United States District Court, District of South Dakota, Northern Division
April 8, 2015
JUSTIN BIRDHORSE, Plaintiff,
UNITED STATES OF AMERICA, Defendant.
ORDER DENYING CERTIFICATE OF APPEALABILITY
CHARLES B. KORNMANN United States District Judge
TO THE UNITED STATES COURT OF APPEALS FOR THE EIGHTH CIRCUIT:
Petitioner filed a petition for a writ of error coram nobis seeking to vacate his federal sexual abuse conviction and 276 month sentence. I denied the petition because petitioner is not entitled to challenge his conviction and sentence through a writ of error coram nobis. Petitioner has filed a notice of appeal. "A certificate of appealability is required to appeal the denial of any motion that effectively or ultimately seeks habeas corpus or § 2255 relief" United States v. Lambros, 404 F.3d 10345, 1036 (8th Cir. 2005).
Pursuant to 28 U.S.C. § 2253, a certificate of appealability may issue only if the applicant has made a substantial showing of the denial of a constitutional right.
When the district court denies a habeas petition on procedural grounds without reaching the prisoner's underlying constitutional claim, a COA should issue when the prisoner shows, at least, that jurists of reason would find it debatable whether the petition states a valid claim of the denial of a constitutional right and that jurists of reason would find it debatable whether the district court was correct in its procedural ruling. This construction gives meaning to Congress' requirement that a prisoner demonstrate substantial underlying constitutional claims and is in conformity with the meaning of the "substantial showing" standard . . . Where a plain procedural bar is present and the district court is correct to invoke it to dispose of the case, a reasonable jurist could not conclude either that the district court erred in dismissing the petition or that the petitioner should be allowed to proceed further. In such a circumstance, no appeal would be warranted.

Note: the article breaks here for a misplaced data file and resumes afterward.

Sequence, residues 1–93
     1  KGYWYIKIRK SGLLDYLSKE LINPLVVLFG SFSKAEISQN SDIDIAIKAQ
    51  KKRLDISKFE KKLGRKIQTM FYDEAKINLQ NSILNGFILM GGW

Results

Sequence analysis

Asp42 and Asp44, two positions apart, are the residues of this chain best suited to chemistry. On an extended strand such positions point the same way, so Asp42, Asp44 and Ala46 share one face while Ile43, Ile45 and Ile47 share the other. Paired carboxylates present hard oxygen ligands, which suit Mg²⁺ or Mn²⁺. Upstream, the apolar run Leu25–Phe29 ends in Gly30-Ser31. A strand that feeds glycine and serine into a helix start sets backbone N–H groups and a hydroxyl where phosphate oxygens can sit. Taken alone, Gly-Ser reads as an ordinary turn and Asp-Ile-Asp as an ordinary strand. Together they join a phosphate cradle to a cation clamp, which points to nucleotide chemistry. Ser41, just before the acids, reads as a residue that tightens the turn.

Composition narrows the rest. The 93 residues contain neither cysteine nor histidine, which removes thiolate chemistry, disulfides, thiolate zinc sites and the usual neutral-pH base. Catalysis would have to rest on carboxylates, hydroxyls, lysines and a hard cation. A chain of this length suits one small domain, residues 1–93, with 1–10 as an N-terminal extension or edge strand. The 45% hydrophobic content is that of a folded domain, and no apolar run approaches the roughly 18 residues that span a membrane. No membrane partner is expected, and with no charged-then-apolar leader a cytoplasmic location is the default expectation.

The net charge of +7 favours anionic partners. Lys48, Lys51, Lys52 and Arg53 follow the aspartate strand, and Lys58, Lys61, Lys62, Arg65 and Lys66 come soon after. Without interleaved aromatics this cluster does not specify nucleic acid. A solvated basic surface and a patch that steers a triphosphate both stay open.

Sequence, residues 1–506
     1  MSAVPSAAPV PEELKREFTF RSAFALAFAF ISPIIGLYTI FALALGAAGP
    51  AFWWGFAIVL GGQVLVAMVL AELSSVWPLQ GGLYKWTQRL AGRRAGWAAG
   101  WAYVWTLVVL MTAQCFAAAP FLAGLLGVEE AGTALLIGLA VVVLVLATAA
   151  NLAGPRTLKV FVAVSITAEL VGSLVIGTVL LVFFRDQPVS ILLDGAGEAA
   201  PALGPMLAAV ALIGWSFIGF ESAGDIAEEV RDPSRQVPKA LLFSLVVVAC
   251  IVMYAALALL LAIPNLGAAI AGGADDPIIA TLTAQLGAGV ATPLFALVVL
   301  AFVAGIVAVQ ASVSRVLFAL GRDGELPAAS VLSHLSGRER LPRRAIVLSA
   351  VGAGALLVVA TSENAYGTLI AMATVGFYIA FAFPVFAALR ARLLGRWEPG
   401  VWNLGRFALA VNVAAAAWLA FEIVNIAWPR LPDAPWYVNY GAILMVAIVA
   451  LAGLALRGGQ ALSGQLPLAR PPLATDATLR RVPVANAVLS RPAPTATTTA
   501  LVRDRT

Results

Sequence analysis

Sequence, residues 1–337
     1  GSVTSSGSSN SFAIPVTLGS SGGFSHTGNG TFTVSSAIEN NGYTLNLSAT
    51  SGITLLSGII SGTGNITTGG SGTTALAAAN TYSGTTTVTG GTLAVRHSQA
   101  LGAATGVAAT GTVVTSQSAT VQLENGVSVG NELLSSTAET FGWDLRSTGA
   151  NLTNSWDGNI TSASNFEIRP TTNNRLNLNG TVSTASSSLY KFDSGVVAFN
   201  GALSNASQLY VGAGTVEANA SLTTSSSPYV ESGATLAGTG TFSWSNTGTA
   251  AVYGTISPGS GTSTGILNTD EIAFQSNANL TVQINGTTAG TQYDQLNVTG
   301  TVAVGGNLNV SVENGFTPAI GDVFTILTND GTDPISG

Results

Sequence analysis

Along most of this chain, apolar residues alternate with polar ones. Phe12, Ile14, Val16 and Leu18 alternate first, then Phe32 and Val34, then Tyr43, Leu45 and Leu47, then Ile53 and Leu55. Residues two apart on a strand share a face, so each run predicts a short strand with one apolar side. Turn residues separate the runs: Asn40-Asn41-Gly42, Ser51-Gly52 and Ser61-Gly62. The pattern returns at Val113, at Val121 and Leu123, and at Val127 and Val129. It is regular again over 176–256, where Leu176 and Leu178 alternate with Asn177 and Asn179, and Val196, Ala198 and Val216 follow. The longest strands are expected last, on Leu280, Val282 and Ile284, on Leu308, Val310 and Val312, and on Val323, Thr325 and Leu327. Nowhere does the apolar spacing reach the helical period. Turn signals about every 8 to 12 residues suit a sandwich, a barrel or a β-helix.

Slack v. McDaniel, 529 U.S. 473, 484, 120 S.Ct. 1595, 1604, 146 L.Ed.2d 542 (2000) (emphasis supplied). Petitioner did not and has not made a substantial showing that jurists of reason would find it debatable whether the petition for a writ of coram nobis should have been denied.
IT IS HEREBY CERTIFIED that there does not exist probable cause of an appealable issue with respect to the Court's order denying petitioner's petition for a writ of coram nobis. Petitioner's application for a certificate of appealability is denied. This in no way hampers the petitioner's ability to request issuance of the certificate by a circuit judge pursuant to Fed. R. App. P. 22.
Now, therefore, IT IS ORDERED that the petition for a writ of error coram nobis is denied.